As a counterclaim, Bon Tool alleged that Forest Group had falsely marked its stilts with the '515 patent number. Id. at 3. The district court agreed, ruling that Forest Group's patent markings were false. The district court also found that, after November 15, 2007, Forest Group possessed "the requisite knowledge that its S2 stilt was not covered by the '515 patent after a district court in a related case granted summary judgment of noninfringement." Id. at 4. The district court assessed a $500 fine for a single offense of false marking.

On appeal, Forest Group contested three issues, only two of which directly relate to the marking statute. First, Bon Tool argued that Forest Group did have the requisite knowledge to falsely mark prior to November 15, 2007. Second, Bon Tool contested the district court's § 292 interpretation, under which the statute penalized only the decision to mark rather than each article. The Federal Circuit affirmed the district court's ruling concerning the requisite knowledge of false marking but reversed the statutory interpretation of § 292.

The Statute and the Federal Circuit's Analysis

Section 292 provides a civil penalty for false marking of goods:

Whoever marks upon, or affixes to, or uses in advertising in connection with any unpatented article, the word "patent" or any word or number importing that the same is patented, for the purpose of deceiving the public . . . [s]hall be fined not more than $ 500 for every such offense.

35 U.S.C. § 292(a) (2006). Under Federal Circuit law, "[t]he two elements of a § 292 false marking claim are (1) marking an unpatented article and (2) intent to deceive the public." Slip op. at 8 (citing Clontech Labs. Inc. v. Invitrogen Corp., 406 F.3d 1347, 1352 (Fed. Cir. 2005)).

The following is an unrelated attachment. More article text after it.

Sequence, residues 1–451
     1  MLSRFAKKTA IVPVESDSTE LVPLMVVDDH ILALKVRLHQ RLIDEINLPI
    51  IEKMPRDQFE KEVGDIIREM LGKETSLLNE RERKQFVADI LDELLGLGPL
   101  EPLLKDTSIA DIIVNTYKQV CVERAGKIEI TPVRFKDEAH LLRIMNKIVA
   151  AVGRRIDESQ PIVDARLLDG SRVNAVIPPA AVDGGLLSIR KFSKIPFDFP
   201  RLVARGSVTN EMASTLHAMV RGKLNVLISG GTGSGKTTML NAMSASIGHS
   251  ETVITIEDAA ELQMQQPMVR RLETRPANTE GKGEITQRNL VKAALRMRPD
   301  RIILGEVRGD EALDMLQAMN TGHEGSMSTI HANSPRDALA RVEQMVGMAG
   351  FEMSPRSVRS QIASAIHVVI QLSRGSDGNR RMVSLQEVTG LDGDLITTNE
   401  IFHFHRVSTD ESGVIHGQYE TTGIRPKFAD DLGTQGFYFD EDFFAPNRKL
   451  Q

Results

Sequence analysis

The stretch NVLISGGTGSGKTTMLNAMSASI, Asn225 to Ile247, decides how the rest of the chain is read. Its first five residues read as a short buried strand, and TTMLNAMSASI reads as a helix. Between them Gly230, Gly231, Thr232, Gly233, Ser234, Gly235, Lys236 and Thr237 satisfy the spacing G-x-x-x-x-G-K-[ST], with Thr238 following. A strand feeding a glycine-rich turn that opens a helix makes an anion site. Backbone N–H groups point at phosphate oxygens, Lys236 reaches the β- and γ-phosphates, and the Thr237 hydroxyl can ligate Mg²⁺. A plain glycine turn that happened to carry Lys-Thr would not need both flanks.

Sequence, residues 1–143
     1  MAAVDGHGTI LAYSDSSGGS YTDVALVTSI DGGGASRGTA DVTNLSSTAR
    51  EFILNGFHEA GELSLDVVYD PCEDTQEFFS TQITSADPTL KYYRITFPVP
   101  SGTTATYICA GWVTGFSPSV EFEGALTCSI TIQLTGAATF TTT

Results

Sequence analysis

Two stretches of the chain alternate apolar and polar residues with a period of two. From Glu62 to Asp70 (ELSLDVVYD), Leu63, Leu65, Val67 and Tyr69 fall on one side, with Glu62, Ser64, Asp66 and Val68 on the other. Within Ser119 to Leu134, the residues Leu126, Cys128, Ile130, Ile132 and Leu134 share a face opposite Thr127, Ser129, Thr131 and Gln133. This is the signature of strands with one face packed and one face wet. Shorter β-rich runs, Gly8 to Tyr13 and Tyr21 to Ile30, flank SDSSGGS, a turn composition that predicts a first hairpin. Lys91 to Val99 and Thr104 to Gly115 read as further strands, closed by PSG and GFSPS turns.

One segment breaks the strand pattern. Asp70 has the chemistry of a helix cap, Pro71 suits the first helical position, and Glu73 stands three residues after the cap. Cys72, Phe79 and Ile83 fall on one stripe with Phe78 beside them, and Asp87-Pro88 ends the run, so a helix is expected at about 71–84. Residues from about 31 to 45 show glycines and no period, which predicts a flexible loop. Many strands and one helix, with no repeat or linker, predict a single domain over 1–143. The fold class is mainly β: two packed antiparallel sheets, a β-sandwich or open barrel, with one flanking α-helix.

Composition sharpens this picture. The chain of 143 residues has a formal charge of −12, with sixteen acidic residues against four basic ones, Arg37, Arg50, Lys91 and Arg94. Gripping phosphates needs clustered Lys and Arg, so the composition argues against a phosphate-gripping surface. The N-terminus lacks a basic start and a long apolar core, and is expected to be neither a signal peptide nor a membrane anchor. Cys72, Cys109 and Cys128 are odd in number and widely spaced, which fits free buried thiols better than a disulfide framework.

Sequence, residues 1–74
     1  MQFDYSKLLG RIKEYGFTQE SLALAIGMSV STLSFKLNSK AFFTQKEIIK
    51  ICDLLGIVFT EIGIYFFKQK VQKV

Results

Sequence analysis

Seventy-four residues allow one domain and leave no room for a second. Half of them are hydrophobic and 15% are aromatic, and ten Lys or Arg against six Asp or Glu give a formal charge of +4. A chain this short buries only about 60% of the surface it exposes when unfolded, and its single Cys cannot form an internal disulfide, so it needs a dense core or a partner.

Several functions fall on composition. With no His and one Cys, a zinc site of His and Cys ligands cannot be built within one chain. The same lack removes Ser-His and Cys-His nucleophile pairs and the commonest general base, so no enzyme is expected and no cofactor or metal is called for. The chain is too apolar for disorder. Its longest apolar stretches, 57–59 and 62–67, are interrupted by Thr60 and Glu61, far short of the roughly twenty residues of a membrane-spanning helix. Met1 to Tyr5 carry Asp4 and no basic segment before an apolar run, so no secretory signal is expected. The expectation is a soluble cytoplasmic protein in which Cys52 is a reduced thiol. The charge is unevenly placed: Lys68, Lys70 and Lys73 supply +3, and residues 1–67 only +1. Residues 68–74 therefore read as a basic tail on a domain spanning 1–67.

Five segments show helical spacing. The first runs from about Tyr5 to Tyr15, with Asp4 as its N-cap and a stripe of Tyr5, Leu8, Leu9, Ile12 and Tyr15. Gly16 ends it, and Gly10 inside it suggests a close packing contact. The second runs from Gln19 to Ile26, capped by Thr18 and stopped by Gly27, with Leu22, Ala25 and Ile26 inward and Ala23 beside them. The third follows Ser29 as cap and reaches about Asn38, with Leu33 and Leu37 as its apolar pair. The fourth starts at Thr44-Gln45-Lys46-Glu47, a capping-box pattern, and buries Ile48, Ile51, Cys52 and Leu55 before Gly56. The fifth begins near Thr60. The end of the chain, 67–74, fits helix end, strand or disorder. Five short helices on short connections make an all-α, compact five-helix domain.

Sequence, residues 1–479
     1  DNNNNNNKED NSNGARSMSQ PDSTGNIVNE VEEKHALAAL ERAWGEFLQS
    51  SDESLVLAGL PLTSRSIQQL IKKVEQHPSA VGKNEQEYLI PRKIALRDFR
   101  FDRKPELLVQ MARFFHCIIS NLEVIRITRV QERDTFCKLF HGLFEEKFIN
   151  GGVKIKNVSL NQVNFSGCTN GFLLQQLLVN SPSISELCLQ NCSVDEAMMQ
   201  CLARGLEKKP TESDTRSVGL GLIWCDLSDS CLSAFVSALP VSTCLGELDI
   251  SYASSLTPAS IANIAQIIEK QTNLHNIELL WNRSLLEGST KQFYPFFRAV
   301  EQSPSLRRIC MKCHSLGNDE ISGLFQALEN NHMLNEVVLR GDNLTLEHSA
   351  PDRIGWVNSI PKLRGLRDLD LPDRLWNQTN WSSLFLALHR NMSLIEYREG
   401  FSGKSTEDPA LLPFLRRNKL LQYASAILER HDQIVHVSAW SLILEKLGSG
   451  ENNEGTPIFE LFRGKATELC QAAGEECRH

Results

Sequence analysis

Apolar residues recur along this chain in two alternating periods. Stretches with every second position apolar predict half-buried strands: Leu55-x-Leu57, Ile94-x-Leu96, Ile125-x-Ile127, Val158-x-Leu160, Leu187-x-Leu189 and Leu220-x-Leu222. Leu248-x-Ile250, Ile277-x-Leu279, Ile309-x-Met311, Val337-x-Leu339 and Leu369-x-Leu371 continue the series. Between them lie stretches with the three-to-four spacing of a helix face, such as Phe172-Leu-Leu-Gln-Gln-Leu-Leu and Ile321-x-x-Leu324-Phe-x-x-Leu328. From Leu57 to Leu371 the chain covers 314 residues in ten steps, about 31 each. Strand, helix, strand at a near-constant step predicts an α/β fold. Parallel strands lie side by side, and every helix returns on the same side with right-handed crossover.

The Federal Circuit quickly disposed of Bon Tool's challenge to the factual finding concerning the date by which Forest Group had an intent to deceive the public. Before the district court were the facts that "the patent application was written by experienced patent counsel who had an exemplar of the stilt," that "neither Mr. Lin nor Mr. Armstrong had 'strong academic backgrounds' or 'in-depth appreciation of patent law,'" and that "Mr. Lin was not a native English speaker." Id. at 7. Based on this evidence, the district court's factual finding of no intent to deceive prior to November 15, 2007, was not clearly erroneous.

The Federal Circuit provided a more in-depth analysis for its de novo review of the statutory construction. Starting with the statute's text, the court observed that "the statute's plain language requires the penalty to be imposed on a per article basis." Id. at 8. In the court's view, "[t]he statute requires a fine to be imposed for every offense of marking any unpatented article." Id.